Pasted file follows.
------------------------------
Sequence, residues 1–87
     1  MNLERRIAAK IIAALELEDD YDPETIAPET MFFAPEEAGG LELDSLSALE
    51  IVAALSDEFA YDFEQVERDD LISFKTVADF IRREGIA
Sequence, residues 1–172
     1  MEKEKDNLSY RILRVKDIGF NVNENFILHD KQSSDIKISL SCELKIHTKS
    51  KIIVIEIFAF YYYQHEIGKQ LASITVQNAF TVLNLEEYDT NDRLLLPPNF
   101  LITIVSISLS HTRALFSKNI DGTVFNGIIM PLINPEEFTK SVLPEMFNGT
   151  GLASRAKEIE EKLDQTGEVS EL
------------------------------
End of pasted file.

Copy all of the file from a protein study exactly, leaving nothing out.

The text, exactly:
Sequence, residues 1–87
     1  MNLERRIAAK IIAALELEDD YDPETIAPET MFFAPEEAGG LELDSLSALE
    51  IVAALSDEFA YDFEQVERDD LISFKTVADF IRREGIA
Sequence, residues 1–172
     1  MEKEKDNLSY RILRVKDIGF NVNENFILHD KQSSDIKISL SCELKIHTKS
    51  KIIVIEIFAF YYYQHEIGKQ LASITVQNAF TVLNLEEYDT NDRLLLPPNF
   101  LITIVSISLS HTRALFSKNI DGTVFNGIIM PLINPEEFTK SVLPEMFNGT
   151  GLASRAKEIE EKLDQTGEVS EL